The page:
Bob Mould's first band, Husker Du, was ahead of its time.
Its combination of loud, distorted punk rock and pop melodies laid the groundwork for bands such as Nirvana and Dinosaur Jr., although Husker Du never approached their level of success.
Mould's second band, Sugar, came along at exactly the right time. Appearing shortly after Nirvana made alternative rock mainstream, Sugar's debut album, "Copper Blue," became the most successful of Mould's career.
This year, Mould is celebrating the 20th anniversary of the recently reissued "Copper Blue" by performing the album in its entirety, along with tracks from his new one, "Silver Age," which he says was inspired by Sugar's sound.
amNewYork spoke with Mould.
What made you want to revisit "Copper Blue"? It's a really important record in my body of work. It's one people really enjoy and one that always stayed sort of current sounding.
Do you relate to the Sugar songs differently now? Yeah. It's more like just a big party right now. In 1992, when Sugar fired up and we started touring and the record came out, I had something to prove. I thought my previous album, "Black Sheets of Rain," was better than the amount of promotion and attention it got. In 2012, I'm a lot more relaxed.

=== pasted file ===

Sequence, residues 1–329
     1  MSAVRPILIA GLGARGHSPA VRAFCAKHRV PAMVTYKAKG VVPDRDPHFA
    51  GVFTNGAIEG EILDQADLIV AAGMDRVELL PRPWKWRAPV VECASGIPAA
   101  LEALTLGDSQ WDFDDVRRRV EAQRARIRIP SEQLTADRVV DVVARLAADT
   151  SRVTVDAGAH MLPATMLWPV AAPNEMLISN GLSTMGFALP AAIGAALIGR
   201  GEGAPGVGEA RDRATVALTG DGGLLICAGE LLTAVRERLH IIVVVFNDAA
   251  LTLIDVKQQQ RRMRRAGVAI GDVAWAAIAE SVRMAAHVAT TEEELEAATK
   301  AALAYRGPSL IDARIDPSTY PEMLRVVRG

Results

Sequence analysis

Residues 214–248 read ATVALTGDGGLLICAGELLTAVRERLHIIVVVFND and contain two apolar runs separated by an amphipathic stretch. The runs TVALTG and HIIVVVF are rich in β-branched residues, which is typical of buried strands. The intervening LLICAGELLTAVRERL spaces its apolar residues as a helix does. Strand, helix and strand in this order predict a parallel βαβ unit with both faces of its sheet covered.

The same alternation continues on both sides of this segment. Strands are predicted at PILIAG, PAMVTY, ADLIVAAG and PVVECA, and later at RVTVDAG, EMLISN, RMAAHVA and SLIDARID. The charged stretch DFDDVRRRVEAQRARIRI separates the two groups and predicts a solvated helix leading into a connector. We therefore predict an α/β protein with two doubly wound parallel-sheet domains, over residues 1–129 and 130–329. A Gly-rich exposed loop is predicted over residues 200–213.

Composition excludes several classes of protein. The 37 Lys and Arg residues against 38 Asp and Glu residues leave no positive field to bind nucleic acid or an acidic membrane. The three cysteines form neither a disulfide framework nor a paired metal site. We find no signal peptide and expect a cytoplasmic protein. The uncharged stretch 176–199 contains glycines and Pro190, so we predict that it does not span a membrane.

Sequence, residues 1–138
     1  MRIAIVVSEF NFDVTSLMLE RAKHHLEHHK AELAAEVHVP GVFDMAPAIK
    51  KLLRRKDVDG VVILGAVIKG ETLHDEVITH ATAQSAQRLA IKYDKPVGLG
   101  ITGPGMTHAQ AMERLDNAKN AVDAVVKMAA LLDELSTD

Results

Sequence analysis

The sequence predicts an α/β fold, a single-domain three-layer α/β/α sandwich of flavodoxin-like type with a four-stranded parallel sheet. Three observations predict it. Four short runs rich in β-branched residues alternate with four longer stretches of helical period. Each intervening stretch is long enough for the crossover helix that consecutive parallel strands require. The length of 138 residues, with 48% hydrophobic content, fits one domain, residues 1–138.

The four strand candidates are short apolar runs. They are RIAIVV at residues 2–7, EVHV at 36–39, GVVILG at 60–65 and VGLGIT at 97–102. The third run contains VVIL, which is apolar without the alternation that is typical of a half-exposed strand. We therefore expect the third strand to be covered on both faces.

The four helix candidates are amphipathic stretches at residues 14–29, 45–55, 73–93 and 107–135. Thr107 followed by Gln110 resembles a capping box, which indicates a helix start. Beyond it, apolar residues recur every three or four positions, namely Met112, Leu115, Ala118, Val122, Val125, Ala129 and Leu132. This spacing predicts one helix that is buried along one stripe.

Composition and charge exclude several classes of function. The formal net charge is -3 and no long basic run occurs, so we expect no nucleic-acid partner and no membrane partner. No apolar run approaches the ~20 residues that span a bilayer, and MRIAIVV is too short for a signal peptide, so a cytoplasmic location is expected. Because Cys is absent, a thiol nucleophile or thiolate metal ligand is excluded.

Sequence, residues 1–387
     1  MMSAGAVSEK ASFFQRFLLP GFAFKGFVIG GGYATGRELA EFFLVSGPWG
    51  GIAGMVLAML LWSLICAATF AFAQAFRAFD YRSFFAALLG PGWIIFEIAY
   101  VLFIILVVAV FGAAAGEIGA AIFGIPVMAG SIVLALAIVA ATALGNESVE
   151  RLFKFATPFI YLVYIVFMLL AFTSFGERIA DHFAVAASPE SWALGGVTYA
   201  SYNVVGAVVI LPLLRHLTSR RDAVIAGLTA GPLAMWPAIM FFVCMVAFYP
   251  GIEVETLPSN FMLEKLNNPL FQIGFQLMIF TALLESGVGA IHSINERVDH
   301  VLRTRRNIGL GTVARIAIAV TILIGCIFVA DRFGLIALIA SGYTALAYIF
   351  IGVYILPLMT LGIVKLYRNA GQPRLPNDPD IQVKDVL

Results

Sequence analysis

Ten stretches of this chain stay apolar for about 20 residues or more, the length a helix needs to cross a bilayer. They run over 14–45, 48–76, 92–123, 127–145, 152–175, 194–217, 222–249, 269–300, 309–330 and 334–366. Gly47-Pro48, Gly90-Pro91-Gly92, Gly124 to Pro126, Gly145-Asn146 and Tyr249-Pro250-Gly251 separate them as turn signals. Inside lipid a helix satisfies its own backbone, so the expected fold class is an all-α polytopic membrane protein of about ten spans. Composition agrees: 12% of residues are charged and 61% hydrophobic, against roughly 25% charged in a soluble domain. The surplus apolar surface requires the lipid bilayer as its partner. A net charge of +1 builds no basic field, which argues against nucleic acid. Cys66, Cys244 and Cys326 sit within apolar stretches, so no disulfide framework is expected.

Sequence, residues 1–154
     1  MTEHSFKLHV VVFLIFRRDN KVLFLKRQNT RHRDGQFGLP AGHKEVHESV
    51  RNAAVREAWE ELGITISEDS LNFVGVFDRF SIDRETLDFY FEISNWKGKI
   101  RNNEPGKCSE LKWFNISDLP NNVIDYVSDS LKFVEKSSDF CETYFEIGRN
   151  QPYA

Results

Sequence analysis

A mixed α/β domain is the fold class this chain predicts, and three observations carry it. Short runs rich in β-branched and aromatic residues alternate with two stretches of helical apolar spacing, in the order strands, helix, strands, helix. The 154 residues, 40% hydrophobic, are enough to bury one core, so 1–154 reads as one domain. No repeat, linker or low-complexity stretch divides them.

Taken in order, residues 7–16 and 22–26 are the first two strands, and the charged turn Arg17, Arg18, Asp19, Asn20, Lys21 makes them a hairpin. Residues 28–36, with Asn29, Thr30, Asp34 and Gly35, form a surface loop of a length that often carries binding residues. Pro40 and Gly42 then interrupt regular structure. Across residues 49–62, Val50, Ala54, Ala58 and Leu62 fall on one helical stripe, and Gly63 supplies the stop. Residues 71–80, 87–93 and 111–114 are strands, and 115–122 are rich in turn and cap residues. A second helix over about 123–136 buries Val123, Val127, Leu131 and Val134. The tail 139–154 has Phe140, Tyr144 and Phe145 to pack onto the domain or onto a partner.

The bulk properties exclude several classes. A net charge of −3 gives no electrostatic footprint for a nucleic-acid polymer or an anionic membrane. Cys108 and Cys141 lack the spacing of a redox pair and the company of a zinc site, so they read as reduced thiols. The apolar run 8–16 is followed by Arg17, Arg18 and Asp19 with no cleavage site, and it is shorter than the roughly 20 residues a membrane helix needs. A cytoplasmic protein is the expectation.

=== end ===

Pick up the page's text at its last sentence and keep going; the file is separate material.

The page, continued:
How did Sugar and "Copper Blue" inspire your new album "Silver Age"? That was one of the things that inspired it. When I realized the 20th anniversary was coming up, I thought maybe I should focus a little on writing in that style again - concise, simpler, punky pop stuff. It's so natural for me, but there have been times in my life when I've steered clear of it. ... Another key factor was playing on the new Foo Fighters record and touring with them. When I'm playing rock with Dave [Grohl] and those guys, it's like, "This is what I do. I'm really good at this."
If you go: Bob Mould is at Williamsburg Park Friday at 5:30 p.m., Kent Ave. and N. 12th Street, Williamsburg, FREE.